Gulfstream offers airborne Web access
Gulfstream announced that it has received an STC for the installation of its Broad Band Multi-Link (BBML) high-speed Internet connection, giving buyers another choice for airborne access to the Web.
At last month’s NBAA Convention in Las Vegas, Gulfstream took a group of aviation editors on a one-hour flight in a Gulfstream V equipped with the data system. On board were several new Dell Latitude D600 laptop computers, allowing each of the editors to try the BBML system, which Gulfstream officials expected would be approved on the GV late last month. First customer installations should be finished by year-end.
BBML uses a service called SkyLink developed by Arinc Direct to provide Internet access that Gulfstream claims can be more than 10 times faster than Inmarsat’s Swift64. Based on AIN’s experience on the flight, BBML’s access speed seemed as fast as that of a ground-based cable or DSL line. Robert Geary, Gulfstream manager of completions, research and development, said connection speed during last month’s flight, based on his experience with BBML, was probably about two megabytes per second. Swift64 service can be as fast as 64 kbps per channel, with many buyers bonding two or more channels for faster overall data rates.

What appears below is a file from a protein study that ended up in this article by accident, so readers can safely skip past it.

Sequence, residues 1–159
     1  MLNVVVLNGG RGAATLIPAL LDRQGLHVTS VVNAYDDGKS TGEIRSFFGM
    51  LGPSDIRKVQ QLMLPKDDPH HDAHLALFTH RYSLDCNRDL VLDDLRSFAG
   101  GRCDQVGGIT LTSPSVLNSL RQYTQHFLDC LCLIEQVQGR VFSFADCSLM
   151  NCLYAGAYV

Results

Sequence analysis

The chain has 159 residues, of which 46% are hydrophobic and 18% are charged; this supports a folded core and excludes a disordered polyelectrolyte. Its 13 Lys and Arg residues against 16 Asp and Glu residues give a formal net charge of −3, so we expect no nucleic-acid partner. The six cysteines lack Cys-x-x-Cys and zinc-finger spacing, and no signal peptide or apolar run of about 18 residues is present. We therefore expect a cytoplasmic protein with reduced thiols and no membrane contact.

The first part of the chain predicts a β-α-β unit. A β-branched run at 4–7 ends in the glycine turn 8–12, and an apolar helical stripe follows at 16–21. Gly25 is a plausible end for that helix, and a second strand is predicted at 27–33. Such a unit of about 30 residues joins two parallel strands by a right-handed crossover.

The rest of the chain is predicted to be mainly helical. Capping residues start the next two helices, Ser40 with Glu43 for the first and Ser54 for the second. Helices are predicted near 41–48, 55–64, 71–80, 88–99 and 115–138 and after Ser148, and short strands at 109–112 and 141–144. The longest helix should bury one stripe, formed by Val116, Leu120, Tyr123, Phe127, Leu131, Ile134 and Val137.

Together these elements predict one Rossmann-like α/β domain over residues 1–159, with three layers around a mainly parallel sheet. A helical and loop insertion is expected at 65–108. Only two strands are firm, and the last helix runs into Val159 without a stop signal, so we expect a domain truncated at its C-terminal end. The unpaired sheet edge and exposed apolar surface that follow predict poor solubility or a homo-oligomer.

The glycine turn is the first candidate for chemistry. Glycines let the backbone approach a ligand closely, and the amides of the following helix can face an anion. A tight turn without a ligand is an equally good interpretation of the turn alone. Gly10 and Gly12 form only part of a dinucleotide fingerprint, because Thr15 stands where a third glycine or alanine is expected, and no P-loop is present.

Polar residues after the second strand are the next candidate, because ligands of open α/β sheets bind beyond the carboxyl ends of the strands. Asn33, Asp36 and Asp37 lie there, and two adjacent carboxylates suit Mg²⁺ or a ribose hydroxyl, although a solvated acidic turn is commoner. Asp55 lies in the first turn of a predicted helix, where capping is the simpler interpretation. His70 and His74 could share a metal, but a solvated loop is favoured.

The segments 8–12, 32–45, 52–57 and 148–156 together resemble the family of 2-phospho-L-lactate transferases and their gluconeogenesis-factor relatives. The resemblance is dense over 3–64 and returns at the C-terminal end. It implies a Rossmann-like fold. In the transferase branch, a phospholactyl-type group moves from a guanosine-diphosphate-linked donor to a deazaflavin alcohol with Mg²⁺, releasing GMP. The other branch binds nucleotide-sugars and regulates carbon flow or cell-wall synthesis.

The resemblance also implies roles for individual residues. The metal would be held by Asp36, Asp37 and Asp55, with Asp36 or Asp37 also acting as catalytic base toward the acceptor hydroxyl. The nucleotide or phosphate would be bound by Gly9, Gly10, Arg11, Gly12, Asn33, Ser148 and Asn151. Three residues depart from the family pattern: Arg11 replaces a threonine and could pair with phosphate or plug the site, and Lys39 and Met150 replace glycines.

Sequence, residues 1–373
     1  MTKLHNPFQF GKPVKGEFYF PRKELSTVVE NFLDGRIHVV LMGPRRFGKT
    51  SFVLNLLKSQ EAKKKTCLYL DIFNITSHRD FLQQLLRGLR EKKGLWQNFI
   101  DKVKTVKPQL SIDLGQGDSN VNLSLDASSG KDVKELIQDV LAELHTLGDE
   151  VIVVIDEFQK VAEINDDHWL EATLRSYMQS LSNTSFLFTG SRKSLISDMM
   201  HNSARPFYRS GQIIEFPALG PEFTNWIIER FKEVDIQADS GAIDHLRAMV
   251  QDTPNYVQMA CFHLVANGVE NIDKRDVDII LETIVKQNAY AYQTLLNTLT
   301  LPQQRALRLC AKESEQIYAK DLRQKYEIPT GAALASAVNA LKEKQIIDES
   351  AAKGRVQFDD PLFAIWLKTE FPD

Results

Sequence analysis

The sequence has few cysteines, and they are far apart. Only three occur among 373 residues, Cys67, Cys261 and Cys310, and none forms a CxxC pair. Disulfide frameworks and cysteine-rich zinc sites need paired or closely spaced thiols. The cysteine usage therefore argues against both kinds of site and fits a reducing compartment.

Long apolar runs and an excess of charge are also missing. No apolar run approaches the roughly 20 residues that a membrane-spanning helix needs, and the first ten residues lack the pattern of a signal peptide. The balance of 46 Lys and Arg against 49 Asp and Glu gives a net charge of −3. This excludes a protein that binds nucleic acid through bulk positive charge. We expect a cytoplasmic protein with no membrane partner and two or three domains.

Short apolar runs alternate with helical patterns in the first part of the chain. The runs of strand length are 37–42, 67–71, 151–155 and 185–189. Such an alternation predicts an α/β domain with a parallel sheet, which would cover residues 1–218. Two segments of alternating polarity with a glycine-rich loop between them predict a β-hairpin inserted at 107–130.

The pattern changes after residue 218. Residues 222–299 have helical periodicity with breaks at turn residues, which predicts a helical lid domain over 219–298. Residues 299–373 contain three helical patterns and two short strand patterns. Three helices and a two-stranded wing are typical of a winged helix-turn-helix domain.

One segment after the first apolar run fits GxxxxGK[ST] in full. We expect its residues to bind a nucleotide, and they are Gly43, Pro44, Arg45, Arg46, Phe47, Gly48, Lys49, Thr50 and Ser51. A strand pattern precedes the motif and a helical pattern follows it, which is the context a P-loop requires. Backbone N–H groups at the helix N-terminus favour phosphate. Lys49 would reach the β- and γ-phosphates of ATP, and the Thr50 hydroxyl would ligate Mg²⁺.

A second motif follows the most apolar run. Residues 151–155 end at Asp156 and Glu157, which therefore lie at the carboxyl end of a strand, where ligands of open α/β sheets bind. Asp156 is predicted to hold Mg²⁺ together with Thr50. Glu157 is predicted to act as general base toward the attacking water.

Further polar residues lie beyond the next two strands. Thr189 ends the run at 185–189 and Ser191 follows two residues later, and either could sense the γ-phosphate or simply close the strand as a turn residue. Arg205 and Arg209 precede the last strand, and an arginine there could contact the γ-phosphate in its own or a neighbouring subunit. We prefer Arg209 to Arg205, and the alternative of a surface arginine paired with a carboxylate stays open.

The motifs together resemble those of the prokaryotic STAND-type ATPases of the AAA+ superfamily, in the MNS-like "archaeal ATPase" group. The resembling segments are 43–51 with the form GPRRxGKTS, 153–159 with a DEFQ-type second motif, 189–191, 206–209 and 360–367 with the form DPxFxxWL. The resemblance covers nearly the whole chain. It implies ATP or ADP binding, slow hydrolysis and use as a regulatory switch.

“When you start talking about megabytes instead of kilobytes, you’re getting cable-like speeds,” said Pres Henne, Gulfstream senior vice president of programs, engineering and test.
Data speeds as high as 3.5 mbps are possible with BBML, according to Arinc Direct. Gulfstream is guaranteeing minimum connection speeds of 512 kbps to the aircraft and 128 kbps from the aircraft. Normal speeds are at least 700 kbps to more than one megabyte, said Geary.
The cost of the system will be about $650,000 installed. Arinc, said Geary, is waiving the usage fee for the first six months of operation. After that, the user and Arinc will set up a plan based on the customer’s expected hours of use per month, at a rate Gulfstream said will be “significantly lower than the typical service fees on airlines.”
Arinc’s SkyLink currently provides coverage over North America and Hawaii via a single satellite. The company will add the North Atlantic and European areas in the first quarter of next year, with the Pacific to follow late next year or in early 2006.
BBML onboard equipment includes a dish antenna mounted under the tail radome, an antenna control unit, a combined LAN switching unit/transceiver router in the credenza in the cabin and a Gulfstream-exclusive cabin server under the cabin floor. The dedicated satellite-based system can also tie directly into an existing office voice-over-Internet protocol telephone network.
The STC for BBML on the GV will include the G550 and G500. Approval for the G450 and G350 is expected by the first quarter of next year.
Gulfstream plans to offer the system for installation on business jets built by other manufacturers at its Appleton, Wis., and Dallas facilities.